Macbeth: important quotes

“fair is foul and foul is fair” (act 1) WITCHES(at beginning; witches are saying a curse)fair=beautiful,, just/rightfoul=corrupt, ugly, unjust/wrong
“The Thane of Cawdor lives. Why do you dress me in borrowed robes? (1.3.114-115) MACBETH TO BANQUO(after witches talk to them for the first time hailing Macbeth)
“and nothing is but what is not” (1.3.155) MACBETH(aside; after he is declared Thane of Cawdor)what Macbeth thinks is fair/true/right, in reality it is worth nothing and it is false/wrong
“That is a step on which I must fall down or else o’erleap, for in my way it lies.” (1.4.55-57) MACBETH(aside; after Duncan declares Malcolm as Thane of Cumberland)Macbeth has to fall down the throne (resign or give up) or lead ahead to the kingship (which Malcolm blocks now)
“Stars, hide your fires; Let not light see my black and deep desires. The eye wink at the hand, yet let that be Which the eye fears, when it is done, to see” (1.4.57-60) MACBETH(aside; after Duncan declares Malcolm as Thane of Cumberland)light vs. darkMacbeth doesn’t want God (stars) to see his desires (to kill Duncan) because they are evilMacbeth does not want to see himself murdering Duncan
“Glamis thou art, and Cawdor, and shalt be What thou art promised. Yet do I fear thy nature; It is too full o’ th’ milk of kindness To catch the nearest way. Thou wouldst be great, Art not without ambition, but without The illness should attend it.” (1.5.15-20) LADY MACBETH(soliloquy; received letter from Macbeth and is reading it)she thinks Macbeth is not capable of murdering Duncan because he is too much of a women (not manly); she sees is as great because there is a purpose and no evil (illness) should happen
“And that which rather thou dost fear to do, Than wishest should be undone.” (1.5.27-28) LADY MACBETH(soliloquy; after reading Macbeth’s letter)if Macbeth kills the king, then his wish would not be doneit is better to do what you fear, than regret not doing it
“come, you spirits that tend on mortal thoughts, unsex me here, and fill me from the crown to the toe top-full of direst cruelty. Make thick my blood. Stop up th’ access and passage to remorse, that no compunctious visitings of nature shake my fell purpose, nor keep peace between th’ effect and it. Come my woman’s breasts and take my milk for gall, you murd’ring ministers, wherever in your sightless substances you wait on nature’s mischief. (1.5.47-57) LADY MACBETH(soliloquy)she asks the evil spirits to take her compassion/remorse & all natural feelings away so she can be more manly than a women (unsex me here)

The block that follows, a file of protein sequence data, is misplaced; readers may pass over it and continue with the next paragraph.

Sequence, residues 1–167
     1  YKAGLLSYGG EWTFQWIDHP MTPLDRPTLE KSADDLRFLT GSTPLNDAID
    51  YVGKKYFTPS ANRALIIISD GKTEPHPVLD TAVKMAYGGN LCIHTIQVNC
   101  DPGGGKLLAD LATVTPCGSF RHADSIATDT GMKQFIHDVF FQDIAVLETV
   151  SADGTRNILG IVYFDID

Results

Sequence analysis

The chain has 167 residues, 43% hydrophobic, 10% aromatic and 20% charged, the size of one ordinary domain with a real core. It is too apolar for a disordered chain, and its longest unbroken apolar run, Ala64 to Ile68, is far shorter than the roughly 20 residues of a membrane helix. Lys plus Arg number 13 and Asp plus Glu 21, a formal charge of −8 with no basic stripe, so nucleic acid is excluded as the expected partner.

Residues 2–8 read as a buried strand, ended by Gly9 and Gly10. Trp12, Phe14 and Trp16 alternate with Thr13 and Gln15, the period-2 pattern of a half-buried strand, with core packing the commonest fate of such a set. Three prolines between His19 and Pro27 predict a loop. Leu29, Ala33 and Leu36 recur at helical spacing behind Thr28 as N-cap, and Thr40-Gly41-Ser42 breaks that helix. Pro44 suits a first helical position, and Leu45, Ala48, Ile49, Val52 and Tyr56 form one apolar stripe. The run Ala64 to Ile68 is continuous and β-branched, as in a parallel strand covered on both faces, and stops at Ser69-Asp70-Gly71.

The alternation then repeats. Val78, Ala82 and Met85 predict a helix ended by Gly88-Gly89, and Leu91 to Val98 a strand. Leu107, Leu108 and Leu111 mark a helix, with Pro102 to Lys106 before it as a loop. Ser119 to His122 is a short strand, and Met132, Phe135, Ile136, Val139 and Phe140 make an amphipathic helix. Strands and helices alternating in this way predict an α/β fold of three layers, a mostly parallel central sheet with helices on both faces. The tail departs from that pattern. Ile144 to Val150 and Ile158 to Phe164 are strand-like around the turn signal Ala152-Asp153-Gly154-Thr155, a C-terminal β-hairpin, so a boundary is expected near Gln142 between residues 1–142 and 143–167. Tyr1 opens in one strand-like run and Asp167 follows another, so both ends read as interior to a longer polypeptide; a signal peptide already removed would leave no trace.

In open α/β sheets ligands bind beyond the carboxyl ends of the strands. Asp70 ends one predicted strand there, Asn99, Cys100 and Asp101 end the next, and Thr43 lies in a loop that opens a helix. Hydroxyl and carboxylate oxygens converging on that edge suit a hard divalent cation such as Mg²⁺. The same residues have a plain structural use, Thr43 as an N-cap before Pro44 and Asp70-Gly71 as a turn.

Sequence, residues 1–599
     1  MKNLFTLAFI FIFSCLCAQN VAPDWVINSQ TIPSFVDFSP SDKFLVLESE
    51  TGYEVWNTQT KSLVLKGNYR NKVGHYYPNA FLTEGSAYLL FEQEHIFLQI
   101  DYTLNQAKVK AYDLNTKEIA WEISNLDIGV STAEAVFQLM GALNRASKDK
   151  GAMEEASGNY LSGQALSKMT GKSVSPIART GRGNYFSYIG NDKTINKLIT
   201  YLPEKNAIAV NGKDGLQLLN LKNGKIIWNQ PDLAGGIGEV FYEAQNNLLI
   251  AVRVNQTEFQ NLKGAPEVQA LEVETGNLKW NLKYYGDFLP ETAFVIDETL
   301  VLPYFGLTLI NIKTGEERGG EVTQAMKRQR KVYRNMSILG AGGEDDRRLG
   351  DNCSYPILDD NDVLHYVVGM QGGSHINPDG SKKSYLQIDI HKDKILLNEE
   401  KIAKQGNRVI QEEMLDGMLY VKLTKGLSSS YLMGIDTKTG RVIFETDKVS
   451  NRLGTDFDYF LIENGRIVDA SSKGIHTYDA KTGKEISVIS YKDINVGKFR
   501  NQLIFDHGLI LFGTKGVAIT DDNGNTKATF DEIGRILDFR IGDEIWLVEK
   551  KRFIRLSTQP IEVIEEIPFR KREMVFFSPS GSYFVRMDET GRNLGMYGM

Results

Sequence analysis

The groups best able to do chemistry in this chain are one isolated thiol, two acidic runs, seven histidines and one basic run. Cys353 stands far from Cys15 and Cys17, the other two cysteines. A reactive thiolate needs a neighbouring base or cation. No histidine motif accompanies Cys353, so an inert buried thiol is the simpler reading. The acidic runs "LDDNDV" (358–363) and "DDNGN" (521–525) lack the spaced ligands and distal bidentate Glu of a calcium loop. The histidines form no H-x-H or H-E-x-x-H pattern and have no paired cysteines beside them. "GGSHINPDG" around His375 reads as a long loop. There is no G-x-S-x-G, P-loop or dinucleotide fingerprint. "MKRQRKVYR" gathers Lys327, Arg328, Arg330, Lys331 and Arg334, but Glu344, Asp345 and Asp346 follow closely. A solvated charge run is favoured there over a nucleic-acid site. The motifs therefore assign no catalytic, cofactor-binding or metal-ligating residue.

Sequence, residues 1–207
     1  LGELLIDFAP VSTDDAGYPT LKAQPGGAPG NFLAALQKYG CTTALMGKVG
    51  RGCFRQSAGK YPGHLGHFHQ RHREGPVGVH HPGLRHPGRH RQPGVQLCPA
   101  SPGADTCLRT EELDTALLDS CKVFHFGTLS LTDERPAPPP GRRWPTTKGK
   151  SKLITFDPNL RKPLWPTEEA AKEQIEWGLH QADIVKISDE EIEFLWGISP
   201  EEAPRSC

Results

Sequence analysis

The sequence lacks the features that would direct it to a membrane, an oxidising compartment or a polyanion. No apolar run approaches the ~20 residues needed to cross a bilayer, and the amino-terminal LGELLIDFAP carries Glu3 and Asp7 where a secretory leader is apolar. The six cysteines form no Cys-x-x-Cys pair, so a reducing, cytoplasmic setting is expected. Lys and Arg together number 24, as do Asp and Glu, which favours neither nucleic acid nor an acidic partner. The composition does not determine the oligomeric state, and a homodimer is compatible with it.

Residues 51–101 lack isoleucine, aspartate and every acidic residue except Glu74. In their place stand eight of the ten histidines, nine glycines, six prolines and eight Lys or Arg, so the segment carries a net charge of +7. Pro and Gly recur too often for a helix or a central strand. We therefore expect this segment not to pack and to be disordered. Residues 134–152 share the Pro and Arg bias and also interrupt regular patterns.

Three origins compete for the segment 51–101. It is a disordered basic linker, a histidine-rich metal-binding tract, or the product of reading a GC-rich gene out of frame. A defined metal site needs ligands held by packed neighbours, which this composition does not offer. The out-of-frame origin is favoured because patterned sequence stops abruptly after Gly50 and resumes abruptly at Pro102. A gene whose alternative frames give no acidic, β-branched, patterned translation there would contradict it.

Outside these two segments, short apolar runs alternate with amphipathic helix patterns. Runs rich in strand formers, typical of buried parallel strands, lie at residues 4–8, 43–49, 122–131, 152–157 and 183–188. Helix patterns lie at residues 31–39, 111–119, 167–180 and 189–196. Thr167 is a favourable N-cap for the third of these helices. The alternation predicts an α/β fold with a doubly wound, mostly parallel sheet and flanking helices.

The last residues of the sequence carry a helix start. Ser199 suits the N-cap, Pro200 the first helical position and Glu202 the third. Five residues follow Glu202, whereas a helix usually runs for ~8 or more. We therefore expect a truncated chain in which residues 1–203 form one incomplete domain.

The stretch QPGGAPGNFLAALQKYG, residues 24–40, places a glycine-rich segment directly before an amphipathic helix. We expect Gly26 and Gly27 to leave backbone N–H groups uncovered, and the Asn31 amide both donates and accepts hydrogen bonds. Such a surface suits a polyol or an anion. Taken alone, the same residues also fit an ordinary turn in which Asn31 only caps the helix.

“Come, thick night, and pall thee in the dunnest smoke of hell, that my keen knife see not the wound it makes, nor heaven peep through the blanket of the dark to cry ‘Hold, hold!'” (1.5.57-61) LADY MACBETH(soliloquy)if the heaven sees what she is becoming and what Macbeth and her are doing, they will try to stop them both from murdering Duncan
“This castle hath a pleasant seat. The air nimbly and sweetly recommends itself unto our gentle senses” (1.6.1-3) DUNCAN(enters the castle which Macbeth is hosting a party)it is ironic because Duncan appears to see the castle as a positive vibe, but in reality it is the place Macbeth will kill him
“If it were done when ’tis done, then ’twere well it were done quickly.” (1.7.1-2) MACBETH(soliloquy; Macbeth thinks of the consequences/things that will happen due to the murderous kill)when he kills Duncan, he thinks it will not be done, in terms of: guilt, unhappiness, and all the consequences
“With his surcease success, that but this blow might be the be-all and the end-all here” (1.7.4-5) MACBETH(soliloquy; thinks of all the consequences of the murder)He wonders if killing Duncan will be all that is required to end all that he must endure before he is made king
“I have no spur to prick the sides of my intent, but only vaulting ambition, which o’erleaps itself and falls on th’ other—” (1.7.25-28) MACBETH(soliloquy; thinks of consequences, debates his reason to kill Duncan)(spur: no reason)he reflects that he has no reason to kill Duncan specifically, but his only purpose is his strong desire to be king (vaulting ambition); which he could go “too” far/do more evil than he wanted to do
“away, and mock the time with fairest show. False face must hide what the false heart doth know.” (1.7.94-96) MACBETH(end of act 1.7 where Lady Macbeth manipulates Macbeth to kill Duncan after his soliloquy of all his fears)appearance vs. realityMacbeth has to appear as just/fair/good, but in reality (in his heart) he is going to kill Duncan
“words to the heat of deeds too cold breaths give” (2.1.74) MACBETH(soliloquy; sees bloody dagger before he kills Duncan)thinking=coldaction=heatthinking cools down the heat the action that is produced
“will all Neptune’s ocean wash this blood Clean from my hand?” (2.2.78-79) MACBETH(after he murders Duncan and he is talking to Lady Macbeth)evil, corruption, guilt (blood) cannot be taken away or fogotten

You Might Also Like